Anti-Inflammatory Diet: Food List & Diet Plan

Clinical review: Tatiana Zanin
Registered Dietitian
May 2022
  1. Foods allowed
  2. Foods to avoid
  3. Diet plan

The anti-inflammatory diet is an eating pattern that aims to prevent and reduce chronic inflammation in the body. This type of diet can prevent the development of several chronic diseases, such as arthritis, diabetes, Alzheimer's, obesity, or even cancer. In cases where the disease is already present, the anti-inflammatory diet can help keep the condition under control, lowering the risk for complications.

Eating anti-inflammatory foods helps to boost the body's natural defenses, promotes healing and decreases the formation of free radicals, all which are factors in slowing down the aging process. These benefits can be achieved by consuming of natural foods rich in antioxidants, and by avoiding red meat and processed foods that are high in fat or added sugars.

Before starting this or any type of diet, it is important to consult a registered dietitian for a detailed assessment and an individualized nutrition plan that meets the individual needs and goals of each person.

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Foods allowed

To follow an anti-inflammatory diet, most of what you eat should be minimally-processed. Examples of anti-inflammatory foods include:

  • Herbs: oregano, thyme, cilantro, parsley, mint, or rosemary;
  • Spices: turmeric, cinnamon, curry, garlic, cloves, ginger or onion;
  • Fatty fish high in omega-3s: tuna, sardines, mackerel, and salmon;
  • Seeds: flax, chia, pumpkin, or sesame;
  • Fresh fruits: oranges, apples, peaches, pears, avocado, watermelon, cherries, strawberries, blueberries, raspberries, or blackberries;
  • Nuts: almonds, walnuts, pecan, pistachio, hazelnuts, peanuts, Brazil nuts;
  • Probiotics: yogurt, kombucha, or kefir;
  • Vegetables: broccoli, cauliflower, cabbage, spinach, lettuce, brussel sprouts, kale, carrots, celery, and tomatoes;
  • Healthy fats: coconut oil, olive oil, flax or chia seeds.

The above-listed foods should, as much as possible, be grilled, sautéed, roasted, steamed, or eaten raw.

Many of these foods contain antioxidants, such as beta-carotenes, polyphenols, anthocyanins, among other phytonutrients. These antioxidants are essential for fighting inflammation.

Fat-free milk and dairy products can take part of the anti-inflammatory diet, or can be replaced with plant-based milks, such as almond, oat, or pea milk. In addition, all refined grains, such as white bread, pasta, or white rice, should be replaced with whole grain versions, as they are far more rich in fiber, vitamins and minerals.

Foods to avoid

There are some foods that should be avoided in the diet as they promote inflammation and increase the risk of diseases such as obesity, cancer, or diabetes. These foods include:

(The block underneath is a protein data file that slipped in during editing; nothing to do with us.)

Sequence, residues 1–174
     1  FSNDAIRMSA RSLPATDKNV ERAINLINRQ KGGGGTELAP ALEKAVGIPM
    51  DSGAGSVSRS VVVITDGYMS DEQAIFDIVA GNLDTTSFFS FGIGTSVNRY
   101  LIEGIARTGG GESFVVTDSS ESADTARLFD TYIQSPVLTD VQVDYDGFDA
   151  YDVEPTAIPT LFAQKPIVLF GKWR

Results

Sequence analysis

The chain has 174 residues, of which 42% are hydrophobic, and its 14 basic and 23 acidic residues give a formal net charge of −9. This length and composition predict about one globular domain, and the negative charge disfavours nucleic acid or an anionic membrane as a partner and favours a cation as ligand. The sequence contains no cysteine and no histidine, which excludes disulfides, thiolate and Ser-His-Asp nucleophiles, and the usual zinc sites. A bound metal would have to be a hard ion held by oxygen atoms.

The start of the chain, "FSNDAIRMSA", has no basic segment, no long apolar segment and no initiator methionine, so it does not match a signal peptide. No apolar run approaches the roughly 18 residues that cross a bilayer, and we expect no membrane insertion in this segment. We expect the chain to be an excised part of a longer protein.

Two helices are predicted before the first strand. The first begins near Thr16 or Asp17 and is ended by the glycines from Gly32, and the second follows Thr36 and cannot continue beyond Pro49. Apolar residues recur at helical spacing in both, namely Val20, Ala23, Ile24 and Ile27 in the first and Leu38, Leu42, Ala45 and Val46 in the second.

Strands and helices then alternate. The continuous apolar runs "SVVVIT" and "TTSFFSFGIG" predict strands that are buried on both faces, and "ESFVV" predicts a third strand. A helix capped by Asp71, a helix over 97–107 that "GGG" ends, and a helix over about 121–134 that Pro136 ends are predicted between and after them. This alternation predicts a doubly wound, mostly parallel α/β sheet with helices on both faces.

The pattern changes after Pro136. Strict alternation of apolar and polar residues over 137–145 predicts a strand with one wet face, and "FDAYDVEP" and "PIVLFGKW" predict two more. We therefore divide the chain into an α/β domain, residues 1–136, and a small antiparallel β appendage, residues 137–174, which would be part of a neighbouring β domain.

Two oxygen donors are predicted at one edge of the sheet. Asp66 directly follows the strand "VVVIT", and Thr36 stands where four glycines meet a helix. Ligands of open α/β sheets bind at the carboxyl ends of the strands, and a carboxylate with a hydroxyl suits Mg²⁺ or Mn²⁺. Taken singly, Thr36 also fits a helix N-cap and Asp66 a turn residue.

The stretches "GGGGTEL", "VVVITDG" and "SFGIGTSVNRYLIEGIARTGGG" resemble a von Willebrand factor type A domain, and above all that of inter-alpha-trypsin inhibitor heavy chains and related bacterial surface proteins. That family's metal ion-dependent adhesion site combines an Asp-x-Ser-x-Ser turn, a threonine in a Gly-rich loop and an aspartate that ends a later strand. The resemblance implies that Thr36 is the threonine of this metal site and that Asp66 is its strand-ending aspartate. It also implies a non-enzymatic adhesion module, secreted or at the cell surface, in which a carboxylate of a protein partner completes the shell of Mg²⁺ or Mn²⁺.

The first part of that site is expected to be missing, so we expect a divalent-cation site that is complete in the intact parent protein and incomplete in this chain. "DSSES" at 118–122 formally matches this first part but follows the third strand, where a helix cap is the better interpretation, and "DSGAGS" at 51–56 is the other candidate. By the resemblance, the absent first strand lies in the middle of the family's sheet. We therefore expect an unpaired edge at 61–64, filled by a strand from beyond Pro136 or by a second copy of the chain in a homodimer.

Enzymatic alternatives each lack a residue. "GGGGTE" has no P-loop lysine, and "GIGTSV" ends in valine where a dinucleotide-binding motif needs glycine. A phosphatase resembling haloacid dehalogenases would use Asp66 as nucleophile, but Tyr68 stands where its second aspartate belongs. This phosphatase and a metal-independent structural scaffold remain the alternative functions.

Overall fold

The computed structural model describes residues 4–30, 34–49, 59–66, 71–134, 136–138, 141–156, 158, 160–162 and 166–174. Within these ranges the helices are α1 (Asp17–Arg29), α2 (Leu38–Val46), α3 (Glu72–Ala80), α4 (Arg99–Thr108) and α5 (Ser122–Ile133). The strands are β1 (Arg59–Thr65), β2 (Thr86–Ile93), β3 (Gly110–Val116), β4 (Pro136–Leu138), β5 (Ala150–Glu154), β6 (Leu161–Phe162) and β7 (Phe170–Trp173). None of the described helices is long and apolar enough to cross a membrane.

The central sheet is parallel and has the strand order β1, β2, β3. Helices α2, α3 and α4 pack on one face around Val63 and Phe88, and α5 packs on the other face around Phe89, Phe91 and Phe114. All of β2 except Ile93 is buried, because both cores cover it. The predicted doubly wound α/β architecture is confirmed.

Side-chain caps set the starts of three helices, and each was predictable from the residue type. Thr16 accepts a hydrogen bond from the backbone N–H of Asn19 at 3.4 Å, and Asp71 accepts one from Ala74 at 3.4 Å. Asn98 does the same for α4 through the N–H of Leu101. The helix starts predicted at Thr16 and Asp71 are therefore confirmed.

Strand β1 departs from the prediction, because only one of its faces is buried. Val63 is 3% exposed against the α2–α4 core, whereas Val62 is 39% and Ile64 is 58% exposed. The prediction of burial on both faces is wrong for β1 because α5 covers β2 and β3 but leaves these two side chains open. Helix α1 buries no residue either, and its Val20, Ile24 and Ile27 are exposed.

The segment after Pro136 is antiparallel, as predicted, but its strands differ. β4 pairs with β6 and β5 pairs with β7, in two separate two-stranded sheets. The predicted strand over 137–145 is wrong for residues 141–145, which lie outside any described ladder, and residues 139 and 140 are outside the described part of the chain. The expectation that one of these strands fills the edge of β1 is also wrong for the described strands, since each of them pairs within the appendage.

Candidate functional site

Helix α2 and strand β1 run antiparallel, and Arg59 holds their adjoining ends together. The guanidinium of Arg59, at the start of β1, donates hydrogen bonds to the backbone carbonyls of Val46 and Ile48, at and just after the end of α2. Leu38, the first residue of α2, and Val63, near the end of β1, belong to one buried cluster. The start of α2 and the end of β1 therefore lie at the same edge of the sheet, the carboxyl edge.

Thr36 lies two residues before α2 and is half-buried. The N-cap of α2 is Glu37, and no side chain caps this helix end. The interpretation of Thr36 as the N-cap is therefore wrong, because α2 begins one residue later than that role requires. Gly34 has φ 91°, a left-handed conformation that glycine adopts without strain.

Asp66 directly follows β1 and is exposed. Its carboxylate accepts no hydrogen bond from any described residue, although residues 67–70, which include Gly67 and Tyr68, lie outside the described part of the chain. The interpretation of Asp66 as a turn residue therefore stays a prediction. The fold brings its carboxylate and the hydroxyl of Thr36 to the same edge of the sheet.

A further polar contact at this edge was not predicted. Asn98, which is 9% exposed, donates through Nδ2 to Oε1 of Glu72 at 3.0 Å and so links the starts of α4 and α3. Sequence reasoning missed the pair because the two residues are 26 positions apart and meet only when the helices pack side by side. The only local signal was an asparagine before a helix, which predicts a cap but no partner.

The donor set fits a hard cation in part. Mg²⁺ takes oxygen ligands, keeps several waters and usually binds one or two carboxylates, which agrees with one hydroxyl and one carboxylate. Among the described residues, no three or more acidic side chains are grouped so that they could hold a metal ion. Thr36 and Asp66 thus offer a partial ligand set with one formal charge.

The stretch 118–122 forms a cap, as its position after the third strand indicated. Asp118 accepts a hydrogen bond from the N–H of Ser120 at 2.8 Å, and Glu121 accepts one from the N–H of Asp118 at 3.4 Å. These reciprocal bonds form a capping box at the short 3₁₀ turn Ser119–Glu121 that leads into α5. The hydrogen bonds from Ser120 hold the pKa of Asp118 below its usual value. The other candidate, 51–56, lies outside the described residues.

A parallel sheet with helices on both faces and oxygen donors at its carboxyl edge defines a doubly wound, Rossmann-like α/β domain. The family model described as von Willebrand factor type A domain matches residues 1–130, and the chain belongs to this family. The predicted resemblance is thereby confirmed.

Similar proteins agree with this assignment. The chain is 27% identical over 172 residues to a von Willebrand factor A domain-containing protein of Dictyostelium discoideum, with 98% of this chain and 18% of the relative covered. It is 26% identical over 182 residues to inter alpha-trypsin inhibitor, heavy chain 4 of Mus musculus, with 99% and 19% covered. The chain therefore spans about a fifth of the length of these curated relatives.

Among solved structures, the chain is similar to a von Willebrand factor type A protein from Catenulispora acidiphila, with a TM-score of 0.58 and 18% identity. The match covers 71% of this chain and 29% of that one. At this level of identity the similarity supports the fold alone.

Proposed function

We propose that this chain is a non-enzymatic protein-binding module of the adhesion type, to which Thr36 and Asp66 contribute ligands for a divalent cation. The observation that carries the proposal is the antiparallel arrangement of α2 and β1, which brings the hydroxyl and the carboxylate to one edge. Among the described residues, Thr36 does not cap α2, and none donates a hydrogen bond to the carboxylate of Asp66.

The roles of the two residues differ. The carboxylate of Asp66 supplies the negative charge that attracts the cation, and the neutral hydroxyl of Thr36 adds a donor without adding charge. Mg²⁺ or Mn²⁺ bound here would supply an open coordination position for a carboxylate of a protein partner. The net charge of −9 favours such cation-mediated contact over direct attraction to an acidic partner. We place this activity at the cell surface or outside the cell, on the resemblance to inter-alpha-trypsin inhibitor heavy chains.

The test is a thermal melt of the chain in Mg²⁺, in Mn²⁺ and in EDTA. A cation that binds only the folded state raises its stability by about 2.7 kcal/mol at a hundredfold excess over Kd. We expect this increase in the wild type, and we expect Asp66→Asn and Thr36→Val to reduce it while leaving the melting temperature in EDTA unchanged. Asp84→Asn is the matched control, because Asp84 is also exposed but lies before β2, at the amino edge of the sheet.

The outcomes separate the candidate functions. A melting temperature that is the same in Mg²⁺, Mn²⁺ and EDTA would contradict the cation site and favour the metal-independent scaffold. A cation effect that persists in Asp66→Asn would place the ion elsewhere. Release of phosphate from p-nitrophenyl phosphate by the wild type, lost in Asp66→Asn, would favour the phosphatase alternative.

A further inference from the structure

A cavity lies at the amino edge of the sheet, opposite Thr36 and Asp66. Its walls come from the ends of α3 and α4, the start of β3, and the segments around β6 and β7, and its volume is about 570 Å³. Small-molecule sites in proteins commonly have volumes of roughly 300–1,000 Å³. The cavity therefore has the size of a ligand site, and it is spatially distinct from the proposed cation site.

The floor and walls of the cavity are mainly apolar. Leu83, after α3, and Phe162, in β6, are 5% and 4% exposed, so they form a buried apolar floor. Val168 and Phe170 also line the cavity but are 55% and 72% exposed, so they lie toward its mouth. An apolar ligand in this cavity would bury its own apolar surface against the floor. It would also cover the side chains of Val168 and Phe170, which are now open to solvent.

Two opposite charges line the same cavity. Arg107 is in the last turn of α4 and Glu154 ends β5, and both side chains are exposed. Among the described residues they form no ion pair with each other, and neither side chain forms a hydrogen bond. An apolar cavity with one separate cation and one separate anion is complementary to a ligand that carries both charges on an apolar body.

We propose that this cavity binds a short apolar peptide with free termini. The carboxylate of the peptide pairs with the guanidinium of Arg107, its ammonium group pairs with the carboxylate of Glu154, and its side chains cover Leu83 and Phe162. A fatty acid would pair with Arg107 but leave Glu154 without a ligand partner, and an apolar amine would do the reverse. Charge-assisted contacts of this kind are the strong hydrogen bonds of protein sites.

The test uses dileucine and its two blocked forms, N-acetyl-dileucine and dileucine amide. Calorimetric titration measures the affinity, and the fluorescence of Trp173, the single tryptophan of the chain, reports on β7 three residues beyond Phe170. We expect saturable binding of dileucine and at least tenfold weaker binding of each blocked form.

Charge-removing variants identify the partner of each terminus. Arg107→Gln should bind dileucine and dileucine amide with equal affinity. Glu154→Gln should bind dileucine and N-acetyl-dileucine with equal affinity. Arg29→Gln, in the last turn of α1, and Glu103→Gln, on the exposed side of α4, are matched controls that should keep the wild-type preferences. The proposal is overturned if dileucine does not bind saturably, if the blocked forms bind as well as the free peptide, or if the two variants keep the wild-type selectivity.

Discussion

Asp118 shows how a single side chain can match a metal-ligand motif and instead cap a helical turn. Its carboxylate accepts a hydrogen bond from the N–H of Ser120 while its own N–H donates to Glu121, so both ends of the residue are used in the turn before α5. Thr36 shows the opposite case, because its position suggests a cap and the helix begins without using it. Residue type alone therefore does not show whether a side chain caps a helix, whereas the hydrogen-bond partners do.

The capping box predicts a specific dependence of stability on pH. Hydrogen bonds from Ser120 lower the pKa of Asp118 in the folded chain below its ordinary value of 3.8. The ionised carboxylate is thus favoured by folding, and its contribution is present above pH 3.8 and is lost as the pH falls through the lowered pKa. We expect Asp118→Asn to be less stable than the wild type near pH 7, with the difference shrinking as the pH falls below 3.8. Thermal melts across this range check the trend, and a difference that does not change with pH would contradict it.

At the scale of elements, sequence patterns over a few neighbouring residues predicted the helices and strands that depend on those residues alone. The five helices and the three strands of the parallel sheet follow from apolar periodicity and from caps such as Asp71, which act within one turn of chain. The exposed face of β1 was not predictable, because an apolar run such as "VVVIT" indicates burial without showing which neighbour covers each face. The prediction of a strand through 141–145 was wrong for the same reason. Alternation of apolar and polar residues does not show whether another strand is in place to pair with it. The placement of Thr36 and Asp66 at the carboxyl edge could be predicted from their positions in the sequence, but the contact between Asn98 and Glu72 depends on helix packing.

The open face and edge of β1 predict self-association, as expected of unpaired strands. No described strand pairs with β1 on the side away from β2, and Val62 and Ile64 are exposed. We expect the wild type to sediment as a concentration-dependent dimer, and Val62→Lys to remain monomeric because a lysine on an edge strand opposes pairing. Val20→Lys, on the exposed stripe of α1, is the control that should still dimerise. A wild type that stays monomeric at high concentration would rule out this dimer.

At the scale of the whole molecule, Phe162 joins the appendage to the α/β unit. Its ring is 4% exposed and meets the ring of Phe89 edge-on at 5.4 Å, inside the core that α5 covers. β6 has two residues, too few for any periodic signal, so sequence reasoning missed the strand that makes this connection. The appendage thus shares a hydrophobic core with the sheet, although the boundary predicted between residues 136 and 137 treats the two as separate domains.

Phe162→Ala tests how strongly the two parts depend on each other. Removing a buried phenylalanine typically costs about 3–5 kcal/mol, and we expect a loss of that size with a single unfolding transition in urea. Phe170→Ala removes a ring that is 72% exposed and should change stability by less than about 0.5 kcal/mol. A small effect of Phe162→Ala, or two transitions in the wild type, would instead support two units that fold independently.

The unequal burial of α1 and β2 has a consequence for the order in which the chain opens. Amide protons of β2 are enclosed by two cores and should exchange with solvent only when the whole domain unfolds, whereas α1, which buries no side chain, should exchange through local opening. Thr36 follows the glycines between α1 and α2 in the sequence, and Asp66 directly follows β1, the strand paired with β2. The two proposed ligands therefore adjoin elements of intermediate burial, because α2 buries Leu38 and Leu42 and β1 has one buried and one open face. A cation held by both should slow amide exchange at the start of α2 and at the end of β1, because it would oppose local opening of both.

• High-fat foods such as bacon, all deep-fried foods, whole-fat cheeses, whole milk, margarine, butter, pizza, frozen lasagna, and mayonnaise;
  • Processed and deli meats such as sausages, pepperoni, ham, salami, pastrami, roast beef, and bologna.
  • High sugar foods, such as cookies, soft drinks, ice cream, artificial juice drinks, and pastries, among others;
  • Red meats such as beef, lamb, and pork.

The foods listed above can be consumed in moderation as part of a usual diet, but they need to be eliminated completely if following an anti-inflammatory diet.

3-day anti-inflammatory diet plan

This table shows a sample 3-day menu on an anti-inflammatory diet:

 Day 1Day 2Day 3
Breakfast1 cup of unsweetened coffee + spinach omelet + 1 tangerine2 small banana oat pancakes with 1 tsp peanut butter + ½ cup sliced strawberries2 slices of whole grain bread with 1 slice of low-fat cheese + 1 glass of fresh orange juice
Morning snack1 fat-free plain yogurt with 1 tablespoon of rolled oats2 pineapple slices + 4 walnuts1 baked apple with 1 teaspoon cinnamon powder
Lunch or Dinner

1 fillet of grilled salmon + ½ cup of brown rice, sauteed asparagus with minced garlic + 1 tsp of olive oil + 4 small slices of avocado

3 oz (100 g) diced grilled chicken breast seasoned with turmeric + ½ cup quinoa + ¼ cup cooked broccoli with carrots, seasoned with 1 tsp of olive oil + 1 apple1 stuffed eggplant with tuna, tomato, onion and garlic, au gratin with a little low-fat cheese + 10 grapes
Afternoon snack1 medium kiwi + 1 handful of peanuts1 cup fat-free plain yogurt with ½ banana + 1 tsp chia seeds2 slices of whole grain toast with 2 Tbsp of mashed avocado seasoned with

This diet plan is a general example. The amounts indicated will vary according to age, sex, physical activity and health history. It is important to consult with a registered dietitian for a thorough assessment and to develop a meal plan tailored to all individual needs.

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Written and updated by Daisy Oliveira - Registered Nurse on May of 2022. Clinical review by Tatiana Zanin - Registered Dietitian, on May of 2022.


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Clinical review:
Tatiana Zanin
Registered Dietitian
Graduated in Clinical Nutrition in 2001 and has a Master’s in Clinical Nutrition. Licensed to practice under the CRN-3 in Brazil and the ON in Portugal